A custom mapper is a class that contains methods one or more methods taking an input parameter (the source bean / value) and return the destination value after hand coded mapping. You only need to add the class to the withCustom attribute of the @Mapper annotation.

Let see it

First, we add an address field to Person and PersonDto classes.

public class Person {

    private String firstName;
    // ...
    private Address address;

               // + Getters and Setters
}

Here address is stored in a nested bean, but in PersonDto:

public class PersonDto {

    private String firstName;
    // ...
    private String address;
    // + Getters and Setters
}

We use a simple String to store the address so on mapping we want to serialize the Address to String in PersonDTO. Now lets define the CustomMapper:

public class AddressMapper {

    // Immutable CustomMapper
    public String addressToString (Address in) {
        return in.toString();
    }

    // Update graph CustomMapper
    public Car carFromDto(CarDto source, Car dest) {
        // Update the dest with properties from source
        return dest;
    }
}

For simplicity, we use the toString() method to demonstrate the feature. The method name is not relevant since Selma only match methods based on the modifier, return type and one or two parameters type. Compiler will report Custom Mapper miss use.

Finally, we should define the Mapper interface:

@Mapper( withCustom = AddressMapper.class )
public interface PersonMapper {

    PersonDto asPersonDto(Person in);
}

Here we are, the custom mapper is now called from Selma generated base code to map our address field from Address class to String.

Custom Mapper Tips
You can define multiple mapping methods in a CustomMapper class. But you can also, define multiple CustomMapper in the @Mapper definition.All custom mapper class should define a public default constructor so the generated class can instantiate it.

Just remember, for selma, method name is nothing, just ensure to define the good In/Out type pair.

Unused custom Mapper

When one or more custom mapper method described by withCustom, is not used, you will get compiler warning. Giving you the opportunity to keep a clean mapping configuration.


Custom mapping method "fr.xebia.extras.selma.it.mappers.CustomMapper.asCityOut" is never used
            

Injecting your custom mapper instance

Sometimes the default mapping depends on services, as an example you need an encryption service to convert the password from clear string to a ciphered one. Selma allows you to give your custom mapper instance when you get the generated Mapper from Selma.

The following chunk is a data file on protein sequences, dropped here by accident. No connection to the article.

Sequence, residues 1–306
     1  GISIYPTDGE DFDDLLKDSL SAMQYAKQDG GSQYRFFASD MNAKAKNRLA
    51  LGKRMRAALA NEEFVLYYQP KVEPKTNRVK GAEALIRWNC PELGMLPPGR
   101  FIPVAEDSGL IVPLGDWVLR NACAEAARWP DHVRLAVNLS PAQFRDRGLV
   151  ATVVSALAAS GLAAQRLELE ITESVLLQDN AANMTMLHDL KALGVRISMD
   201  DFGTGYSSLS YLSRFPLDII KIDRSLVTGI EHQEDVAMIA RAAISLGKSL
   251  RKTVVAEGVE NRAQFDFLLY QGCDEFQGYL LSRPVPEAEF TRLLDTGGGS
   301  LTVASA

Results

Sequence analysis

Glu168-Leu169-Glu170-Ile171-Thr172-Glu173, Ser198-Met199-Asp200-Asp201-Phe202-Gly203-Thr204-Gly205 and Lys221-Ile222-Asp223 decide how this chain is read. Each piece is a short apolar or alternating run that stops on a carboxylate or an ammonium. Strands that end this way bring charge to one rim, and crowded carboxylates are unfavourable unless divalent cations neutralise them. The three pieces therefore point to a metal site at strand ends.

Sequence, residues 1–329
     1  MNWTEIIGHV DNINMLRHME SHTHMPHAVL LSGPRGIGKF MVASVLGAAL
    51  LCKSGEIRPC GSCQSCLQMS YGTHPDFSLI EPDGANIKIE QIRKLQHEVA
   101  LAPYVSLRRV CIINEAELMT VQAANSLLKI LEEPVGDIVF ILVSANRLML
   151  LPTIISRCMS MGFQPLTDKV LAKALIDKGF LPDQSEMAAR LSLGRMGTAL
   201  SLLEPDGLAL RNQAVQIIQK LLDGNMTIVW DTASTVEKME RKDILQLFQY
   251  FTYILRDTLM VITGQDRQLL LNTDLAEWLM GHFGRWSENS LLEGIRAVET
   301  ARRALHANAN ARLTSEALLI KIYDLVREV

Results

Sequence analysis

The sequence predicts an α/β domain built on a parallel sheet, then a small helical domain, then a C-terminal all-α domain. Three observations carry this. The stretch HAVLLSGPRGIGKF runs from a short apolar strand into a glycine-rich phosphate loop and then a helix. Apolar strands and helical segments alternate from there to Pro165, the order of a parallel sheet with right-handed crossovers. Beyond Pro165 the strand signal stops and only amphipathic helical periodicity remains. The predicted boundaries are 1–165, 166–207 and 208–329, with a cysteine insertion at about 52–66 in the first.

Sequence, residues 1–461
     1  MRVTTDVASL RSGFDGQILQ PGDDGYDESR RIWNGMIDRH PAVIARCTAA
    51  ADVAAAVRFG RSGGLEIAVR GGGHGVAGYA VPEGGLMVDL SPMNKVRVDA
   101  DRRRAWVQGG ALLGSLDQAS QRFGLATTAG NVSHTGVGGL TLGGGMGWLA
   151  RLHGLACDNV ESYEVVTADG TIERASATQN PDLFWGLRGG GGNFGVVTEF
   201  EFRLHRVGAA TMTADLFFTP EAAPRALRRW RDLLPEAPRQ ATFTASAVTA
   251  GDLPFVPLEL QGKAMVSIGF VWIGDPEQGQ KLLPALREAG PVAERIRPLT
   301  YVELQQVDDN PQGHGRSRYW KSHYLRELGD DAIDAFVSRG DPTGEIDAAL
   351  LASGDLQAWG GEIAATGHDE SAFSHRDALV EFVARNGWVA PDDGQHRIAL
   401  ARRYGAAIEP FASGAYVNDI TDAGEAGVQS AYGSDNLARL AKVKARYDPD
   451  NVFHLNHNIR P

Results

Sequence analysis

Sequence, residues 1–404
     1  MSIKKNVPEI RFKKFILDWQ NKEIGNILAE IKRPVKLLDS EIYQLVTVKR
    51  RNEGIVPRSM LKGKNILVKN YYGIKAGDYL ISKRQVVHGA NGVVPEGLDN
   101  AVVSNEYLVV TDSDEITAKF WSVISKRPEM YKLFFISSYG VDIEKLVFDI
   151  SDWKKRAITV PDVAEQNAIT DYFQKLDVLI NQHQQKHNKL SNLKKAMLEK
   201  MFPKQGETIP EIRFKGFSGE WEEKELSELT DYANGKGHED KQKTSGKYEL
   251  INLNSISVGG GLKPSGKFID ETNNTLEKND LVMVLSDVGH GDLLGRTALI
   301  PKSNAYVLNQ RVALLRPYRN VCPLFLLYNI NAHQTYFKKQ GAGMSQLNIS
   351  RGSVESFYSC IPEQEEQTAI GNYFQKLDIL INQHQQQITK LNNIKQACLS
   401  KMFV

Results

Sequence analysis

// Here we inject the AddressMapper instance to the Selma Mapper
Selma.getMapperWithCustom(PersonMapper.class, new AddressMapper());

Mapper interceptor

Not convinced by custom mapper, you need to do special things on the source or target bean after the mapping occurs. Selma, allows you to define a hook in the custom mapper which will be executed after the mapping itself.

You just need to define a method returning void and taking two parameters the in bean and the out bean. See the example below:

public class AddressMapper {

    public void interceptAddressToDto(Address in, AddressDto out) {
        // Do some processing here the out is already filled in using in.
    }
}

Sourced beans

Sourced beans ? What do you mean ?
In some case, the beans needs to be bound to DataSource. With most libraries you'll need to provide a Factory that will be called to get an instance of the targeted bean. But this kind of behaviour drives the developer to use Reflection during the mapping. STOP, this breaks our philosophy because we want static compiled code.

So how does Selma do ? Well, what we support is passing one or more objects to the bean constructor. Doing this we are able to pass a DataSource object to the bean. The only, constraints are to pass the source to Selma when retrieving the generated Mapper and to declare sources type in the mapper interface.

@Mapper(withSources = DataSource.class)
public interface SourcedBeanMapper {

    AddressOutWithDataSource asAddressOut(AddressIn in);
}

Below is the out class:

public class AddressOutWithDataSource {

    // ...
    public final DataSource dataSource;

    public AddressOutWithDataSource(DataSource dataSource) {
       this.dataSource = dataSource;
    }

    // ...
}

Now you can retrieve, the mapper by passing the dataSource:

DataSource dataSource = new DataSource();
SourcedBeanMapper mapper = Selma.getMapper(SourcedBeanMapper.class, dataSource);

Never forget constructors
For sourced beans, Selma will call a constructor passing the source in the same exact order as defined in @Mapper. So ensure, that you have defined the constructors, and don't forget custom mappers !

Builder style API

Selma offers a builder API to configure and build the mapper instance. This is the only way to use multiple data sources and / or multiple custom mapper.

MyMapper mapper = Selma.builder(MyMapper.class).
                        withCustom(customMappers).
                        withSource(dataSources).
                        disableCache().build();

Mapper instance registry

By default Selma class acts as a registry, building and persisting mapper instances. You can call Selma multiple times to get the same mapper instance, once built the instances are stored in private cache so that next calls will return the pre-built instances. You can consider that Mapper instances are Singleton by default.

If you need Selma to build a fresh new mapper instance at each call then you should use the builder API described above and call disableCache().